The NAMESPACE file allows R packages to communicate with one another. You can export your functions to make them available to others and import functions from other packages if you use them in your code. roxygen2 can be used to to export and import functions.

  • export() exports your functions (@export in roxygen2).
  • import() imports all functions from other packages (@import).
  • importFrom() imports specific functions from a single package (@importFrom)

Imagine you want to export the minCS function from popdemo, and that you need to import functions from expm for it to work. To its roxygen2 block, you would add:

#' @export

#' @import expm

The real NAMESPACE file for popdemo exports all functions and imports the matrix power function %^% from expm (note that I have edited this by hand, so it looks different to the roxygen2-generated NAMESPACE).

popdemo’s NAMESPACE file (version 0.1-4)
popdemo’s NAMESPACE file (version 0.1-4)
  1. Build .Rd files and NAMESPACE file

If your roxygen blocks are correct then the .Rd files and the NAMESPACE file are created from them using


  1. Edit DESCRIPTION file

The DESCRIPTION file contains important information about the package. View/edit it using a text editor (or directly in RStudio).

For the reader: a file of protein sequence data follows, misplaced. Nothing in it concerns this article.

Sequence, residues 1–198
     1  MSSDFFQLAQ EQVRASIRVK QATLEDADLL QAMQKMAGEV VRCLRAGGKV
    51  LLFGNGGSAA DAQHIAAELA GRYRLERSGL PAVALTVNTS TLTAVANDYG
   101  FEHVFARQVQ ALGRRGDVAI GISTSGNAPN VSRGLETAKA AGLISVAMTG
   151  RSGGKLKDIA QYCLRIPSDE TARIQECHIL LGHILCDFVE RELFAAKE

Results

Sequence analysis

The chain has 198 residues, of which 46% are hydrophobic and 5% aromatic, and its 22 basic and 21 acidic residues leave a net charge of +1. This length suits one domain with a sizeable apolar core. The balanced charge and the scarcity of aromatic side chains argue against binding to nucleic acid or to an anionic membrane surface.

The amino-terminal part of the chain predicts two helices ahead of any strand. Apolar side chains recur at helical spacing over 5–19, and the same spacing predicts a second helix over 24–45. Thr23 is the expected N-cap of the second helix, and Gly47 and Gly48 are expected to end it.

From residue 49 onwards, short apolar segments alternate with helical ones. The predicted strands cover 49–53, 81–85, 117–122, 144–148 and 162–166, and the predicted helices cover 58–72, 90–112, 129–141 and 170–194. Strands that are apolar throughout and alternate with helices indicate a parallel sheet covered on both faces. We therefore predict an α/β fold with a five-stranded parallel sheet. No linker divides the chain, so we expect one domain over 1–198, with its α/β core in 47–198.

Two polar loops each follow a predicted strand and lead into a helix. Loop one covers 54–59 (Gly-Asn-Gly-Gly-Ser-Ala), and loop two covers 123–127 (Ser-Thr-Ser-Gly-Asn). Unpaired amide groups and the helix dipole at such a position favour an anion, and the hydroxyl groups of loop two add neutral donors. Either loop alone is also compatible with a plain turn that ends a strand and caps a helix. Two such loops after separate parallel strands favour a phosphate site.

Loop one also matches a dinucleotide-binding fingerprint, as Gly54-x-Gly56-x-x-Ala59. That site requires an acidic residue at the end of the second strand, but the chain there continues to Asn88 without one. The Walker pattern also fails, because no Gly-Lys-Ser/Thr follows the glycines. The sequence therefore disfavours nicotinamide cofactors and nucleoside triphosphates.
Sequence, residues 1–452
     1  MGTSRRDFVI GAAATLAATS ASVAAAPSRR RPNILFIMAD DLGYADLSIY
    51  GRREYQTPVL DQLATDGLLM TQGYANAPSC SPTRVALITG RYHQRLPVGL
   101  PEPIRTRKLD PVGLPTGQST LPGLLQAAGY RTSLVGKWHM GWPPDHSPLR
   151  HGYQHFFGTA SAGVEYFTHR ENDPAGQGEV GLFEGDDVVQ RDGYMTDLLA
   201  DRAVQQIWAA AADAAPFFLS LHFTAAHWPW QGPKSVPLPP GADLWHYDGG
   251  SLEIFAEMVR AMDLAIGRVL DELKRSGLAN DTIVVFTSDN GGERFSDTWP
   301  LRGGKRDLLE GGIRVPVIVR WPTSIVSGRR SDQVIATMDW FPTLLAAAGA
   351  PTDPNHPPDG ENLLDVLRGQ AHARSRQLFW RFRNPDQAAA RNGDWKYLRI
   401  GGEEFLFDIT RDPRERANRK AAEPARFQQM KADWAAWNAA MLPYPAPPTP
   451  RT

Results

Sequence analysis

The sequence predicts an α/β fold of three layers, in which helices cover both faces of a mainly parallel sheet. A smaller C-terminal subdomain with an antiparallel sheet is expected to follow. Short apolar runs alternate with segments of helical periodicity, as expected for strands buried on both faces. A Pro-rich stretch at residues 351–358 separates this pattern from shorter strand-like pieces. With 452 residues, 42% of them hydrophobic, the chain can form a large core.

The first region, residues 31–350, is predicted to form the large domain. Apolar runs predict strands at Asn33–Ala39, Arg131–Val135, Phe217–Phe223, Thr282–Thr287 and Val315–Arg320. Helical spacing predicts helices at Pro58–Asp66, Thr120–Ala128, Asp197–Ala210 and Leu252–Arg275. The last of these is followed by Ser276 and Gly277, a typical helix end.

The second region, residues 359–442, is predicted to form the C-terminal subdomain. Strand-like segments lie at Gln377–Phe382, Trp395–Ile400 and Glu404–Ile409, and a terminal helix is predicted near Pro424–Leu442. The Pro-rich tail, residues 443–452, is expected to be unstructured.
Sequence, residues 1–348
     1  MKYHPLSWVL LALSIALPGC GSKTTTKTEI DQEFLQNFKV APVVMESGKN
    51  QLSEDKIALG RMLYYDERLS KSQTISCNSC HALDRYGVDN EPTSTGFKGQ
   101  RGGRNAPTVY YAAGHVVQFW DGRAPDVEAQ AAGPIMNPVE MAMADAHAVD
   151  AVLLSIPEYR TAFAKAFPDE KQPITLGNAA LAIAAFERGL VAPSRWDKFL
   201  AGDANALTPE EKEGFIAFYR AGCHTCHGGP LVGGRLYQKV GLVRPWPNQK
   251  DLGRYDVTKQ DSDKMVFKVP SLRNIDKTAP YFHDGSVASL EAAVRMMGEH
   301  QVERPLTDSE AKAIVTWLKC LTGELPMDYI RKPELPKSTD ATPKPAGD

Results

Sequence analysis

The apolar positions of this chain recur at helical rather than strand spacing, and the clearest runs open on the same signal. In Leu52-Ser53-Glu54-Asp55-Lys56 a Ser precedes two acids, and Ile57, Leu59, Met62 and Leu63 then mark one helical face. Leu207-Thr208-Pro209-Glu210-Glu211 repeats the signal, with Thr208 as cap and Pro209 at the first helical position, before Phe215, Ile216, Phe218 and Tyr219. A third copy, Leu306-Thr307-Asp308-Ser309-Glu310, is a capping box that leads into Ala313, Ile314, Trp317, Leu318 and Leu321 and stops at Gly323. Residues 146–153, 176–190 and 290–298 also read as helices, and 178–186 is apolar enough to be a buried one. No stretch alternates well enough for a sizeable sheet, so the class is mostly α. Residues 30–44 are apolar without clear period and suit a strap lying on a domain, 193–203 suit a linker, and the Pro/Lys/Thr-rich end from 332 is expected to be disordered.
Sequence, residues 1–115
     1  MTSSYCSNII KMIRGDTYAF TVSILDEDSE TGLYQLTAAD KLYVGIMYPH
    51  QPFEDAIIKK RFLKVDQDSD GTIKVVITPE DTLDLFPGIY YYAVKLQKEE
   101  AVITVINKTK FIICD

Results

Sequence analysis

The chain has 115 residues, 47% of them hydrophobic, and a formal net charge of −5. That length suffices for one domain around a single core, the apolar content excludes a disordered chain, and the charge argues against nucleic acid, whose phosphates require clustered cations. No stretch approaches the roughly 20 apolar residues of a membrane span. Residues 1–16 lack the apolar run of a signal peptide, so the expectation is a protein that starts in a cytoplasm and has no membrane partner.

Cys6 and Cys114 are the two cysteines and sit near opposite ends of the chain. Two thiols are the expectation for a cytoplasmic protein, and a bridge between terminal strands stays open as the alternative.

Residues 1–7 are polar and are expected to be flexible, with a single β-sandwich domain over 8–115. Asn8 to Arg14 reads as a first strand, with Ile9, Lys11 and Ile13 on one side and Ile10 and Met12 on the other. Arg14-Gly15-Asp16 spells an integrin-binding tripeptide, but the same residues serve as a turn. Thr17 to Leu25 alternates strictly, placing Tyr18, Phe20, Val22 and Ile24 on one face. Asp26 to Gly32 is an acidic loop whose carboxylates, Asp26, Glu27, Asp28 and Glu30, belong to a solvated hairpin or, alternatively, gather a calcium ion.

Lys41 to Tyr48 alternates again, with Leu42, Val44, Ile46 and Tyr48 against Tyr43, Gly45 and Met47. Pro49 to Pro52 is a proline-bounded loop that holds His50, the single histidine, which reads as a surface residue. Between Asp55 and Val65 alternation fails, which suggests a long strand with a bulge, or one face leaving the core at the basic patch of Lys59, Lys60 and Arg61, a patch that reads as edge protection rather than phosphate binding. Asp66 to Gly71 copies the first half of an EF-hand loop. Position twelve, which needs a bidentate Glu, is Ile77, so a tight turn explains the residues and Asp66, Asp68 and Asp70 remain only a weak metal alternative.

It must include:

  • Package: package name
  • Title: short package description
  • Version: package version (numbers, separated using . or -)
  • Authors: authors and emails
  • Maintainer: Package maintainer (one name, and one valid email address in angle brackets)
    • Pro Tip: Make sure this email address is valid… embarrassingly, popdemo was pulled from CRAN for a while when my PhD student email account expired and it wasn’t a straightforward issue to sort out!
  • License: distribution license (see here)
  • Description: One paragraph saying what the package does

It should include:

  • Imports: other packages containing functions used in your package (if you use any).
    • Alternative ways of importing functions exist, including Depends and Suggests, but it is often better and/or quicker to avoid using these if you can.

It may include:

  • Authors and maintainer under a single heading Authors@R using the person function.
  • Date: when was the package last changed
  • Anything else of relevance
popdemo’s DESCRIPTION file (version 0.1-4)
popdemo’s DESCRIPTION file (version 0.1-4)
  1. Check the package

You need to check if all the files are correct before building the package. Run